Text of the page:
Retro: Sheffield commemorating 75th anniversary of Blitz

Sheffield Blitz feature: Dasmage caused by the bombing with what's now Devonshire Green on the right
Sheffield Blitz feature: Dasmage caused by the bombing with what's now Devonshire Green on the right
Have your say

Sheffielders are being given a once in a lifetime opportunity to become a permanent part of far-reaching plans to mark the 75th anniversary of the Sheffield Blitz later this year.

The centrepiece of the project will be the Sheffield Blitz Memorial Trail.

Sheffield Blitz: Redgates and looking down The Moor

Sheffield Blitz: Redgates and looking down The Moor

Up to 16 sites around the city centre have been earmarked for the installation of high quality, permanent memorial plaques.

The site of the original Marples Hotel in Fitzalan Square which was destroyed on December 12, 1940, will finally get a memorial befitting a war grave (there are still bodies buried here) and be a key part of the trail.

Other sites include Sheffield City Hall, which still bears shrapnel scars, and The Moor, which was virtually flattened in the attacks.

Each plaque will tell a different part of the Sheffield Blitz story and include a sculptured scene that depicts events unique to that area. But, more importantly, they will give people the chance to have the names of loved ones inscribed into them as a permanent memorial to the attacks.

Local history author Neil Anderson, who is masterminding the project, said: “The plaques will become part of the street furniture of Sheffield for generations to come and a major tourism pull.

“Indeed, a delegation of German military were the first people to walk the proposed route just a few weeks ago.”

Neil started the drive for more to commemorate the attacks following the publication of his 2010 book about the Blitz, Sheffield’s Date With Hitler.

He has teamed up with project manager Richard Godley and heritage interpreter Bill Bevan and the trio are submitting a Heritage Lottery Fund bid to secure finances to ensure the sacrifices made by tens of thousands of Sheffield people are never forgotten.

But they need to gather additional funds to ensure their far-reaching plans are successful and are keen to give Sheffield people the chance to have a personal stake in the project.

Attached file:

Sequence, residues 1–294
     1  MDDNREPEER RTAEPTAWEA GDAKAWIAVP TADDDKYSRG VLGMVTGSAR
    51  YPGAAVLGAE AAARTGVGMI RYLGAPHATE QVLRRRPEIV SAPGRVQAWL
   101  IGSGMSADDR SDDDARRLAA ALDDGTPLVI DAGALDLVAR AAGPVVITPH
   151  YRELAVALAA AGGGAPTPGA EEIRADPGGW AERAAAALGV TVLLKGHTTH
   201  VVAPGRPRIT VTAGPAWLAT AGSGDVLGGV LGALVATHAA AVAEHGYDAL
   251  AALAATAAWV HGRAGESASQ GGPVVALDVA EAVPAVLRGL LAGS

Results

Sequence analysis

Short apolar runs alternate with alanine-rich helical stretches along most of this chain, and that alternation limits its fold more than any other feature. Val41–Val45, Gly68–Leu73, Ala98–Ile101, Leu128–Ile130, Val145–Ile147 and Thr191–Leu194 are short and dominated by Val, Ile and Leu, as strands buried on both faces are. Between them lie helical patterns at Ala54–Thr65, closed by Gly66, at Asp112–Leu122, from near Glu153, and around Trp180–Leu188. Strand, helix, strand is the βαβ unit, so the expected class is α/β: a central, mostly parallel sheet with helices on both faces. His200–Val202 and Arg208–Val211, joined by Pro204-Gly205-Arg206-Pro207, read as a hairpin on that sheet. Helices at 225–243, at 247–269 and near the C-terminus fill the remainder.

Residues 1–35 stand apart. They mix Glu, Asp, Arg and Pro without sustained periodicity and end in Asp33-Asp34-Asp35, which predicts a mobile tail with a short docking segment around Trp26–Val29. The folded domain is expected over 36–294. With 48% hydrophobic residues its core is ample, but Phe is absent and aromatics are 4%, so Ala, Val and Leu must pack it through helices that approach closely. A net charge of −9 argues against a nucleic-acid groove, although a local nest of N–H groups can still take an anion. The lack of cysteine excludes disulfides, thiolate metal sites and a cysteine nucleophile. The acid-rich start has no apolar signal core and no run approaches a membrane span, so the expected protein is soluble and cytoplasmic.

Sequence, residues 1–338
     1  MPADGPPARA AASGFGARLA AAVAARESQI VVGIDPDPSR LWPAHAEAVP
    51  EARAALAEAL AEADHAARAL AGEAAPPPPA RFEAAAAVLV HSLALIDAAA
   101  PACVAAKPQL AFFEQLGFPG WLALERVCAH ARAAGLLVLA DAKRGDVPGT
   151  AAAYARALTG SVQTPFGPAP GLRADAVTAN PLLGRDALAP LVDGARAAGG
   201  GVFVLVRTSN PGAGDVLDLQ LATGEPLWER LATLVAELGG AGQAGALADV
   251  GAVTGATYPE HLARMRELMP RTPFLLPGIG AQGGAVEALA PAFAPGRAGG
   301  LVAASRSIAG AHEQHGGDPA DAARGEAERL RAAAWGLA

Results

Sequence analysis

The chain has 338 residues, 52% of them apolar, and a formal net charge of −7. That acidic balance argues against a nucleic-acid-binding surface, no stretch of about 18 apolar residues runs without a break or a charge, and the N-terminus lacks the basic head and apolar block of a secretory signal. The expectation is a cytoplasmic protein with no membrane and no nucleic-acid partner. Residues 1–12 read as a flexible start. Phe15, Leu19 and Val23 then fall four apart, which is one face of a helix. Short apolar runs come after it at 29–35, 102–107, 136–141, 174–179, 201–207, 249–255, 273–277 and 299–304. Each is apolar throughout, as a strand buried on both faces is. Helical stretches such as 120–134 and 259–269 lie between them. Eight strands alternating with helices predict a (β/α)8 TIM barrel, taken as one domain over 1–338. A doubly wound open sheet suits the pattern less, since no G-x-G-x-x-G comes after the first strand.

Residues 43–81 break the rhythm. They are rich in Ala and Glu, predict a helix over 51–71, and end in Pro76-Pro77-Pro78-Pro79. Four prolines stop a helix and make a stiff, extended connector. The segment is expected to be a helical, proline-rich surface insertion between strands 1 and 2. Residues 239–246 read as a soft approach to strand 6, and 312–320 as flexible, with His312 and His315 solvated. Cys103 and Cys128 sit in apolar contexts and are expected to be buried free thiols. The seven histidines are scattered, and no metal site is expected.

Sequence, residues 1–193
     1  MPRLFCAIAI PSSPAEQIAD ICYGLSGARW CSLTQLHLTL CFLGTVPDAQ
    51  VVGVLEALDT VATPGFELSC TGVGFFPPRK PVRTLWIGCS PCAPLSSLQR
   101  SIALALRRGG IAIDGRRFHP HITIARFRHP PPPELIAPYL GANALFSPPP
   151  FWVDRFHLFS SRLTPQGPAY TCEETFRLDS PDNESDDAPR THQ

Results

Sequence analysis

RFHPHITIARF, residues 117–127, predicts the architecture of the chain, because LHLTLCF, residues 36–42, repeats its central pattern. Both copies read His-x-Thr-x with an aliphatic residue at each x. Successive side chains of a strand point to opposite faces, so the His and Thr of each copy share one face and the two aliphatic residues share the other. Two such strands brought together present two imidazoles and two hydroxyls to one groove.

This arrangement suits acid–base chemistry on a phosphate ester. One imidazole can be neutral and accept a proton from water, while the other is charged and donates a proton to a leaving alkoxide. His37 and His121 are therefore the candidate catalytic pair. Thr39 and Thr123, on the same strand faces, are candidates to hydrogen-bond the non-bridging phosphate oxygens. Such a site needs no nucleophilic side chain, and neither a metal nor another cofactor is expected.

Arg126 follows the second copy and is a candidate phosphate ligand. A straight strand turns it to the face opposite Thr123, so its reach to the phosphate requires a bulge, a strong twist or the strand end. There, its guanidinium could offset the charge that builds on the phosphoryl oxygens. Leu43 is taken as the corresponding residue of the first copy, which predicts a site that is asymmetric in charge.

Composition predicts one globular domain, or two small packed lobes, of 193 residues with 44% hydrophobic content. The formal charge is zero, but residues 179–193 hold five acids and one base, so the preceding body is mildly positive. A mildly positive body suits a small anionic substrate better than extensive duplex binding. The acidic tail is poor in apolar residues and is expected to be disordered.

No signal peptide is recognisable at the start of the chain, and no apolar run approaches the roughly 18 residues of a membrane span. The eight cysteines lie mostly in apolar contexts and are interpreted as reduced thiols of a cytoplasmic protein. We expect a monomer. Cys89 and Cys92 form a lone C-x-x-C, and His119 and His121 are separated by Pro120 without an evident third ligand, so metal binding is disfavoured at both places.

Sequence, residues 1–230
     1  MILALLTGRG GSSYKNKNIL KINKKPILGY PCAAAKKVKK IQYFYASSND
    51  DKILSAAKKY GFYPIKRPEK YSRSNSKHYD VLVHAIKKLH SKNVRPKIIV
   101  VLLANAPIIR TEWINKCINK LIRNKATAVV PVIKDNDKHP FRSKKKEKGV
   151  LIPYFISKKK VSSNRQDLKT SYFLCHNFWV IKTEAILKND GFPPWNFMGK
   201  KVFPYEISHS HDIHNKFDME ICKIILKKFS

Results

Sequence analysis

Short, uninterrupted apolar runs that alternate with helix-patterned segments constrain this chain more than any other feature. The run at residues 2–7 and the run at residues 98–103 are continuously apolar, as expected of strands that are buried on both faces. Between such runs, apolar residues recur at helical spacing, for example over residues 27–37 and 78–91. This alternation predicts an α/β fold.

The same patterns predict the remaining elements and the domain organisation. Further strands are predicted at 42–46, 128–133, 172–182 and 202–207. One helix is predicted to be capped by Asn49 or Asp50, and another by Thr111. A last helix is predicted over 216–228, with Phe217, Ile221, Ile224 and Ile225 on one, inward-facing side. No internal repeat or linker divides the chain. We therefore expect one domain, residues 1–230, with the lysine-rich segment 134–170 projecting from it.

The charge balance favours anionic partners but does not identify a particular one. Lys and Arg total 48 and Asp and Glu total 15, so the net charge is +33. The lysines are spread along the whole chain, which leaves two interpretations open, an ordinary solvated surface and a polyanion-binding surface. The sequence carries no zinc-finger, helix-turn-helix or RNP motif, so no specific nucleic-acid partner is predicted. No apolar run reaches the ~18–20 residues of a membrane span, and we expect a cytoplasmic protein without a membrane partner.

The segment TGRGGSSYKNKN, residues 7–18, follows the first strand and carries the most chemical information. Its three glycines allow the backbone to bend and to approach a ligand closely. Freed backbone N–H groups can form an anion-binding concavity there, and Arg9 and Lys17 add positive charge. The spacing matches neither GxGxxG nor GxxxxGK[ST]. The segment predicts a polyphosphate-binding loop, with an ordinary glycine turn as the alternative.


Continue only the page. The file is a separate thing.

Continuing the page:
Neil said: “When the BBC turned my Sheffield Date With Hitler book into a documentary they called it Sheffield The Forgotten Blitz. Look around the city today and there is virtually nothing to commemorate the attacks and mark the incredible sacrifices by the people of the city.

“Our project aims to change that forever and we are keen to demonstrate we have the backing of the Sheffield public.

“We are giving people the opportunity to pledge as little as £10 to our campaign and work with us to make it happen.”

The project has already received donations from Peter Stringfellow, Horrible Histories creator Terry Deary, The Moor, Atkinsons and scores of individuals.

It already has the backing of Sheffield City Council, The Star, Sheffield College, the National Emergency Services Museum, Sheffield 50 Plus, Sheffield Galleries and Museums Trust and South Yorkshire Aircraft Museum which already holds a lot of Sheffield Blitz artefacts.

The £150,000 project aims to deliver:

n A major launch event on the 75th anniversary of the first attack, which is December 12

n A permanent Sheffield Blitz Heritage Trail which will publicise and tell the stories of significant sites around the city centre area with the aid of listening posts, interpretation posts, leaflet and more

n The collection of scores of personal memories which will go towards the production of an ‘hour by hour’, ‘day-by-day’ book which will tell the story of the Sheffield Blitz like never before.

n Permanent and travelling Sheffield-based Blitz exhibitions

n Research into the impact of Allied attacks on Sheffield’s German twin city, Bochum

n Website, film and more.

The Sheffield Blitz 75th project is set to last over two years and will end on the anniversary of the last German raids on Sheffield in July 1942. It will tell the inter-connected Sheffield stories of human spirit, steel production and revival.

The group are hoping to raise an additional £15,000 through a ‘crowdfunding’ project, where donors pledge money in return for some benefit. For instance anyone pledging £10 can have a name included in a ‘roll of honour’ in Neil’s new book. Anyone who pledges £100 can have the name of a loved one included on a plaque on the memorial trail.

You can log on to to pledge your support now.